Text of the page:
"Pam, will you just talk to me?" Sam hobbled after her friend. "Pam!"
The leggy girl, however, ignored her redheaded friend. Pam felt that, although it may be irrational to be angry at Sam, she still had every right to be. She had liked Ryan – had felt that maybe, maybe, there could have been something between them. Yes, she may be a teenage girl, but that was also her excuse. She should be able to pine after a guy (who she knew she couldn't have but she liked to daydream anyway) without her best friend exploding at her for it. Besides, Ryan was super cute.
"Pam!" Sam couldn't keep up with her, but she couldn't allow her best friend to get away from her. It had been a week since their argument and Pam hadn't really spoken to her since. "YOU CAN'T IGNORE ME!"
Pam flipped her off and slunk out the front doors. Sam crossed her arms over her chest and pouted. It was the longest she had gone without talking to Pam and she really didn't know what she would do if it went on much longer. With a sigh, Sam slowly eased down the main steps. Sue and Grace were waiting for her in the car.
Sam almost didn't want to join them. They were driving Grace to the airport today, for her to go back to Nevada. Sam didn't want her to go; not only had she grown used to her grandmother's presence, but she had no idea when she would see her again. Sam had so much more she wanted to ask Grace, particularly about Wyatt. Now, after finally seeing Grace, talking to her, Sam couldn't imagine going back to longhand letters and timed telephone conversations because of how expensive long distance calling was.
Sam, quite simply, was not ready to let go.
From the way Grace was looking as Sue drove through the San Francisco streets, she was not quite ready to let go either.
"Did Mom say anything when you left?" Sam asked.
Grace shook her head, knowing that Samantha was not to know the details of her last conversation with Louise. "She wished me well and told me to have a safe flight."
Sam chewed absently on her nail. She didn't know what she was expecting Louise to say but she had hoped that Louise would have sought out some sort of compromise in Grace's final moments in the state. Ever since she and her mother had their last fight, Louise had avoided everyone like the plague. Sam couldn't even remember hearing her mother talk to Sue in the past week or so.
"I'll be sad to see you go, Grace." Sue piped up, seeing Sam go quiet in the back seat.
"It was nice to see you," Grace agreed with a smile. "We spent far too little time together when Wyatt and Louise were married."
Sue laughed. "I never did like that ranch of yours."
"No," Grace reflected. "You never did."
Grace watched from the front porch as Louise sprang from the kitchen, running for the rental car that had just pulled into their driveway. She watched as the woman, nearly the spitting image of Louise, climbed from the car. Grace smirked, however. She could see the city dripping from her daughter-in-law's sister.
Sue pushed her designer sunglasses from her eyes to the top of her head, squinting in the sun. "Why on earth would you want to move here?"
"Because there's no better place on earth!" Louise giggled merrily.
"When you married a cowboy, I didn't think you meant actual cowboy." Sue's jaw hung open as she surveyed the ranch. She didn't think places like this still existed – this seemed like something straight out of an old western.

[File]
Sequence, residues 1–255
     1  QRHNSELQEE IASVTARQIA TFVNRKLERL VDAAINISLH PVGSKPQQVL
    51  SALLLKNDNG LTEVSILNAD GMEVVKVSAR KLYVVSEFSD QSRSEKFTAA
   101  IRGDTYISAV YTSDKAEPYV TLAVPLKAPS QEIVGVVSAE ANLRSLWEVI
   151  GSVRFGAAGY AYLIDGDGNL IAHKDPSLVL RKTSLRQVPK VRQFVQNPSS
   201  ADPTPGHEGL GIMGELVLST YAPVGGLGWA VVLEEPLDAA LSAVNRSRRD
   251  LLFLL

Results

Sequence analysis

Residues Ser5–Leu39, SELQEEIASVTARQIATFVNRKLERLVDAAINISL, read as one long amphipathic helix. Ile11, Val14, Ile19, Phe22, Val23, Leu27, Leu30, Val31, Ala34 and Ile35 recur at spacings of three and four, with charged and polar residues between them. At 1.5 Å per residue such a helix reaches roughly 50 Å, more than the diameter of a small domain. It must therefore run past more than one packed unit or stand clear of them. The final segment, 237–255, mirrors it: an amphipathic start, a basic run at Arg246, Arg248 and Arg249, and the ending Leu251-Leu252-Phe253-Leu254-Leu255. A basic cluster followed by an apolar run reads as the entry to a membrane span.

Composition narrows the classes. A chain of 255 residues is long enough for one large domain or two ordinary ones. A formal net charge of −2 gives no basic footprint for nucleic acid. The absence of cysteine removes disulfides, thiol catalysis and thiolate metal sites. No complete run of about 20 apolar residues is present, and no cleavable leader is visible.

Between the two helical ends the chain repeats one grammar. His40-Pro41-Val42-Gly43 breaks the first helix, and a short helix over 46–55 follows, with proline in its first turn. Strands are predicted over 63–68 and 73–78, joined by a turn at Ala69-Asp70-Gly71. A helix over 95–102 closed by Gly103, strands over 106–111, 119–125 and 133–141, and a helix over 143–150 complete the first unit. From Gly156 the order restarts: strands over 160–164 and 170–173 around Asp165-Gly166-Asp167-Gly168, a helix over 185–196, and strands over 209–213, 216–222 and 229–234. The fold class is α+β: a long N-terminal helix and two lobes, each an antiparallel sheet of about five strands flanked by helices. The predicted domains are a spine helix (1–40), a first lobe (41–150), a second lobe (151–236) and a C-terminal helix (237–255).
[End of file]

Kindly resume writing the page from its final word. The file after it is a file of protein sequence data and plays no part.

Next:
"Of course I did!" Louise snatched her sister's hand. "Let me show you around. I'll introduce you to all of the horses."
"Uh …" Sue hesitated. "Perhaps a drink first?"
"Sure! The barn can wait!"
"I am still a city girl," Sue agreed. "But that was only my first time visiting."
Grace gave Sue a sarcastic look that Sue had seen on Sam several times – especially since her niece had hit puberty. "You didn't think that cows were still real."
"I didn't say that!" Sue exclaimed, outraged.
"Wait!" Sam jumped into the conversation. "Aunt Sue, how old were you?"
"I was in my twenties," Sue was fighting to fend off her blush – impossible due to her vibrant red hair colour. "And that isn't what I said."
Sam giggled. "Then what did you say?"
"I obviously knew cows were real – I do love my hamburgers, you know that. I just didn't think that people raised them like that – like, out wandering around on their own and stuff. I didn't think people just owned cows."
"Did you think they just fell out of the sky or something?" Sam asked, baffled by her aunt's thinking, though it had been years ago.
"No," Sue resisted the childish urge to stick her tongue out at Sam. "I just thought that they were kept by large companies in factories far away from here."
"While there are very few cattle farmers left, they do exist." Grace said.
Sue swatted at the old woman, turning into the airport. "I've gotten this lecture before, remember?"
"Yes, I was the one that gave it to you." Grace gave a crisp nod as Sue parked the car outside of the doors.
"I'll grab your bags, Grace." Sue said quickly, popping the trunk. "You have a moment with Sam." She climbed out of the car, slamming the driver's side door shut behind her.
Grace twisted around in the passenger's seat so she was facing her granddaughter. "Don't like so sad," she smiled, though her heart was breaking at the thought of leaving Sam again. "We'll write, and we will see each other again soon."
"Not with my mother," Sam tried not to sound bitter, or bring up Louise. She didn't want these last few minutes with her grandmother – for who knows how long – to be spent talking about her mother.